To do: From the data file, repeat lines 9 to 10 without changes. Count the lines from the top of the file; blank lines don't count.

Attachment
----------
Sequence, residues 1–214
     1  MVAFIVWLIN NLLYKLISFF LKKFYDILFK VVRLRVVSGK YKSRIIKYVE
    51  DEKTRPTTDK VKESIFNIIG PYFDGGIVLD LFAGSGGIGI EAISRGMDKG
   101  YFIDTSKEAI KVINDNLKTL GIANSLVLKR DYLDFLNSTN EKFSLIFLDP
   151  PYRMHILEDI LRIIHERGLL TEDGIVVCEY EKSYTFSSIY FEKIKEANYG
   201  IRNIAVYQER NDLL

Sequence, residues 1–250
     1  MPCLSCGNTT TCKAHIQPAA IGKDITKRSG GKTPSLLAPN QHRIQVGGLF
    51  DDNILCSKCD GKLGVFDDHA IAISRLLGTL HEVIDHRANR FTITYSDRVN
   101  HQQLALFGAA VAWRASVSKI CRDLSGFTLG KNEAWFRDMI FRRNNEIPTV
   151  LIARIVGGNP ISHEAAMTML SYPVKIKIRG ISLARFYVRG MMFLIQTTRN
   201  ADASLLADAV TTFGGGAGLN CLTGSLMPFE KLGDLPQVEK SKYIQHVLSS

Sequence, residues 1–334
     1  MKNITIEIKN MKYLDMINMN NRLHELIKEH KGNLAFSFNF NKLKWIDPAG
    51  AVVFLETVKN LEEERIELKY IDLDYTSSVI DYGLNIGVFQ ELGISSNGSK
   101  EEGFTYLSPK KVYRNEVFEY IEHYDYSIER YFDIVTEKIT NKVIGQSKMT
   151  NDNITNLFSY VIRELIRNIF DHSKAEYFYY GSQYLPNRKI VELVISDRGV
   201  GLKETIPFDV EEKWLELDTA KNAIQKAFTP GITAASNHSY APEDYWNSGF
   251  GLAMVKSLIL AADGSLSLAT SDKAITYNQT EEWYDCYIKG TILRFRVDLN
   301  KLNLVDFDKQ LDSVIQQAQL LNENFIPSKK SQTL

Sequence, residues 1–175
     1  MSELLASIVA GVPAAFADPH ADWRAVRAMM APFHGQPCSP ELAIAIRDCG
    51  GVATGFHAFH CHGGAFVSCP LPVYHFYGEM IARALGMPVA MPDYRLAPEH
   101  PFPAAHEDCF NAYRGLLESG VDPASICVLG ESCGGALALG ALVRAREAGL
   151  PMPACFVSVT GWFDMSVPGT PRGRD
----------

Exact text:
    51  DDNILCSKCD GKLGVFDDHA IAISRLLGTL HEVIDHRANR FTITYSDRVN
   101  HQQLALFGAA VAWRASVSKI CRDLSGFTLG KNEAWFRDMI FRRNNEIPTV